The story of the Lifesaver

Ann Swanson

One thing I remember about Christmases long ago was the gift of a book of Lifesavers. I think you got ten rolls in the little book, but I am not positive of that. I recently found some information about Lifesavers that I received from the company years ago after I had done a piece about the candy. That information and the current information that I could find are the basis of this piece.

When I got my little book of Lifesavers, I treasured them. Now I did not like all of the flavors equally so I kept the ones I liked the best to savor until last. The ones I was not so fond of I shared.

The company let me know that they received some creative uses for their product. They have been used to flavor tea, “cure” seasickness, keep drivers awake on trips, serve as Christmas tree ornaments, and make candleholders for birthday cakes. I admit to using the little things as rings around birthday candles. At least that way the child could eat the holder.

When we took a road trip, we always took hard candy along. It was something to keep your mouth from getting dry. I remember also when I was in the hospital with my babies, I always got very dry from the hospital air. When I asked for a pack of Life Savers, my husband came back with a little tin of hard candy – not was I was craving at that point!

My material tells me there are two types of Live Savers – one is mints and the other drops. The mints are made of dry granulated sugar, corn syrup, water, and oils. This is then pressed into a mold that looks like a small tablet. He drops must be boiled. The mixture is mechanically kneaded, then a rope is formed around a rod (to make the hole in the middle).

The flavors available come and go in popularity. The standard roll of Life Savers used to include wild cherry, orange, lemon, lime, and pineapple. Today Life Savers come in bags. They also come in gummies. I often take hard candy along with me because I enjoy eating it. I have gotten used to the bags.

Do you remember when they made small rolls of Life Savers for Halloween? I used to get some of those to give away along with some chocolate of course. What would Halloween be without something chocolate?

Life Savers date back to the early twentieth century. In fact, Life Saver turned 100 years old in 2012. The story goes that a chocolate manufacturer named Clarence Crane was looking to produce something that would take the heat of summer. He needed something to boost his sales during the hot summer months. His answer was to create a hard candy mint.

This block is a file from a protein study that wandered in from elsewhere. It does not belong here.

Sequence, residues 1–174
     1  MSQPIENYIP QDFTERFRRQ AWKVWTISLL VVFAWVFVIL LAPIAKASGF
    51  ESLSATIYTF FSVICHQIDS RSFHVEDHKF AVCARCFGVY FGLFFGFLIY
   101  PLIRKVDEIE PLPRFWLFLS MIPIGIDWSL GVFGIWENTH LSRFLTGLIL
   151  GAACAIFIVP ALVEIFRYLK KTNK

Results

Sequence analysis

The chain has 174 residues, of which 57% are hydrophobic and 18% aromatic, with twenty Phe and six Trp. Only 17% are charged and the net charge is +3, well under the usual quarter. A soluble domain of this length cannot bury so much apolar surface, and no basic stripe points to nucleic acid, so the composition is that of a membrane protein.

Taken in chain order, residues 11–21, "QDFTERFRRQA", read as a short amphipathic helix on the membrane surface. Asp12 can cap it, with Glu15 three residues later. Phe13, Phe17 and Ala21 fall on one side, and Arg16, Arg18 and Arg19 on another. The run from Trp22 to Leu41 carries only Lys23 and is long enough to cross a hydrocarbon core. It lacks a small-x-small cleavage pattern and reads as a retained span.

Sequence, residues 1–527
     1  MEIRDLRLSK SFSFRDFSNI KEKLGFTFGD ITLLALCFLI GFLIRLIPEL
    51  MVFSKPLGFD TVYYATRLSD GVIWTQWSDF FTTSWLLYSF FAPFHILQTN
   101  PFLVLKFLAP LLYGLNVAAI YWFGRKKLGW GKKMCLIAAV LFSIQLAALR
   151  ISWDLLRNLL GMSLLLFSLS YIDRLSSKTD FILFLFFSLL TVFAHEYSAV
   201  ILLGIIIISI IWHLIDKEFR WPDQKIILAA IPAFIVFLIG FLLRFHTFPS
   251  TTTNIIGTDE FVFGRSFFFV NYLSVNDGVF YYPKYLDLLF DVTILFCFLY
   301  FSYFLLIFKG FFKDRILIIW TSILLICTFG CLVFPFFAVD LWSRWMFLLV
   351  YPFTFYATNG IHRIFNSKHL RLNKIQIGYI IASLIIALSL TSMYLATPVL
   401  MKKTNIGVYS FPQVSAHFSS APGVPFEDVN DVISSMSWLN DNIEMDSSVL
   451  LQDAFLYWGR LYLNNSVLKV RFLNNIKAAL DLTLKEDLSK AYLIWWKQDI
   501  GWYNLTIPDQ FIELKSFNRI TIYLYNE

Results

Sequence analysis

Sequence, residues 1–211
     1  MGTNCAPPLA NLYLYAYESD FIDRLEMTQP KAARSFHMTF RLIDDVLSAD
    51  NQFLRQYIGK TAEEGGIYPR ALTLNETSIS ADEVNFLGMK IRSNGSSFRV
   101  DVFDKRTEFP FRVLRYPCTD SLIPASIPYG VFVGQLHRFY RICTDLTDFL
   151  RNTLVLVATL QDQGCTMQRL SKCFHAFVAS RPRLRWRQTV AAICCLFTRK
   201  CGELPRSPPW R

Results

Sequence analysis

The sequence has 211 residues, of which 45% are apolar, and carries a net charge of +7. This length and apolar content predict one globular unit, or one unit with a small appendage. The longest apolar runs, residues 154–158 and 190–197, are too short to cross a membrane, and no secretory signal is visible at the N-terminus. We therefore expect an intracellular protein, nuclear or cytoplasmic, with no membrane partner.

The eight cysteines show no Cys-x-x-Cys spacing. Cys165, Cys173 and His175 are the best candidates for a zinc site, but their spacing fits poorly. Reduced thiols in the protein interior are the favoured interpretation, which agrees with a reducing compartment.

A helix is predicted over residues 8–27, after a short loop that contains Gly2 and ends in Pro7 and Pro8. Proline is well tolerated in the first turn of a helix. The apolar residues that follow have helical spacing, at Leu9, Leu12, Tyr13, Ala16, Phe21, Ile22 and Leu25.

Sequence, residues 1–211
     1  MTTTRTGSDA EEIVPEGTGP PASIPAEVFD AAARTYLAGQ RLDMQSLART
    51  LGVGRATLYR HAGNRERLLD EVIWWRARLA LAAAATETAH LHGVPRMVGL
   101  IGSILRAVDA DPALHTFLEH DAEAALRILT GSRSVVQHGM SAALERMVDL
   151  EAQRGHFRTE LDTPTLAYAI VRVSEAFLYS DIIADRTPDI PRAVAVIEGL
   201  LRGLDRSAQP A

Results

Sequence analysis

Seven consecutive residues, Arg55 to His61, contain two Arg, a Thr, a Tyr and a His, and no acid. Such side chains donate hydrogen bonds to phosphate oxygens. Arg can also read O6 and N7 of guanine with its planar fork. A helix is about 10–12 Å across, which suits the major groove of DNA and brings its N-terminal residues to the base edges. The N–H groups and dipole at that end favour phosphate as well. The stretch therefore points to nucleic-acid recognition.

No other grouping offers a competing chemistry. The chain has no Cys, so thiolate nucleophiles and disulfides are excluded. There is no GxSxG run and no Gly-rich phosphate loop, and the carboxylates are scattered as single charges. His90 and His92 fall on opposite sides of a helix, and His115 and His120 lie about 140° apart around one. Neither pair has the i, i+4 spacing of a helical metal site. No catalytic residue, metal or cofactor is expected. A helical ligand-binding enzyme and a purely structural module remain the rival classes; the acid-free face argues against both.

To set himself apart from his competition, he hired a pill maker to create mints with a hole in the center. The new product looked so much like a life preserver that he patented the name Life Saver and registered the trademark.

He was simply not into marketing. He believed that his product would make it on its own merit. A New York advertising executive tried to persuade Crane to market his product where people would see it and want to buy it.

Since he could not persuade Crane to market his product, he negotiated a deal to purchase the rights to the product. After the purchase, he discovered that the Life Savers became stale in the current packaging. He started using a tinfoil wrapper to preserve freshness and it worked. He became the first person in the industry to shrink-wrap his candy to keep it fresh.

Within a few short years, he was grossing a quarter of a million dollars.

From 1942-1945 the Armed Forces received twenty-three million boxes of Life Savers packed in their field rations. The idea was to remind them of home. In here 1974 they introduced Life Saver Lollipops. I remember purchasing some of those to send to school as a birthday treat. I do not think they lasted though. The variety with the Tootsie Roll center was more popular.

In 1992 Life Saver gummies made it on the scene. These were quite popular. They are still part of the collection of Life Savers that can be purchased today. In 1994 “the bag replaced the role of hard candy. They are still packaged by the bag. There was a need to produce sugar-free candy that was filled when the sugar-free variety was introduced in 1995. A few years later the idea of sour flavors took over. Life Saver was part of this movement. They offered sour flavors to satisfy this market.

In 1938 the flavor Butter Rum was introduced. This has been one of their staples for many years. The mints and wintergreen flavors also remained popular.

Whatever flavors you prefer there seems to be a Life Saver that you would like if you look at the availability. If you have not perused the candy aisle lately it would behoove you to take a walk and look at how the complexion of it has changed. Every candy maker is making something new. Even M&Ms has dabbled with new flavors. It seems that people are always eager to purchase something that is new, but the real test is the test of time. Will it be around ten years from now?

Ann Swanson writes from her home in Russell. Contact at hickoryheights1@verizon.net.


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